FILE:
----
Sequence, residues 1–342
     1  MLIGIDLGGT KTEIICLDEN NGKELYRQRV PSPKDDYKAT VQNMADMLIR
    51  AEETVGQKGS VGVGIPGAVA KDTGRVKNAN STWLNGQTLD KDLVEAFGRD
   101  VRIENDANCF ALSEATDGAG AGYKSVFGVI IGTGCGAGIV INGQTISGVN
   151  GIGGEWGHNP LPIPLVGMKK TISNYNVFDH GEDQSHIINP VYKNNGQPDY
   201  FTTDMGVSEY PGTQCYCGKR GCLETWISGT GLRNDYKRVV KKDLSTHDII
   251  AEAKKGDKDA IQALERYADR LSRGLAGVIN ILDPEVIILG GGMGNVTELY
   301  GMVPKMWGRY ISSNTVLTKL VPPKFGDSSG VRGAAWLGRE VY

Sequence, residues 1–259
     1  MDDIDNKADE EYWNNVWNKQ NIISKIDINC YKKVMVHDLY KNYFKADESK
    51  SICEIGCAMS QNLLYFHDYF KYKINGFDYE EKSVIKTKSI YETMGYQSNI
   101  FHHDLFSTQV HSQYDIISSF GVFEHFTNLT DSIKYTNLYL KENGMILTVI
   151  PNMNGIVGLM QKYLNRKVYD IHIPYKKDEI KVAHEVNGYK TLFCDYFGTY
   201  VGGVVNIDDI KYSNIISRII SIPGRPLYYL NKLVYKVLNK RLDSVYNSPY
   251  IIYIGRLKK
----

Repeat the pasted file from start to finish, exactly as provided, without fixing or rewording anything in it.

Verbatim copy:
Sequence, residues 1–342
     1  MLIGIDLGGT KTEIICLDEN NGKELYRQRV PSPKDDYKAT VQNMADMLIR
    51  AEETVGQKGS VGVGIPGAVA KDTGRVKNAN STWLNGQTLD KDLVEAFGRD
   101  VRIENDANCF ALSEATDGAG AGYKSVFGVI IGTGCGAGIV INGQTISGVN
   151  GIGGEWGHNP LPIPLVGMKK TISNYNVFDH GEDQSHIINP VYKNNGQPDY
   201  FTTDMGVSEY PGTQCYCGKR GCLETWISGT GLRNDYKRVV KKDLSTHDII
   251  AEAKKGDKDA IQALERYADR LSRGLAGVIN ILDPEVIILG GGMGNVTELY
   301  GMVPKMWGRY ISSNTVLTKL VPPKFGDSSG VRGAAWLGRE VY

Sequence, residues 1–259
     1  MDDIDNKADE EYWNNVWNKQ NIISKIDINC YKKVMVHDLY KNYFKADESK
    51  SICEIGCAMS QNLLYFHDYF KYKINGFDYE EKSVIKTKSI YETMGYQSNI
   101  FHHDLFSTQV HSQYDIISSF GVFEHFTNLT DSIKYTNLYL KENGMILTVI
   151  PNMNGIVGLM QKYLNRKVYD IHIPYKKDEI KVAHEVNGYK TLFCDYFGTY
   201  VGGVVNIDDI KYSNIISRII SIPGRPLYYL NKLVYKVLNK RLDSVYNSPY
   251  IIYIGRLKK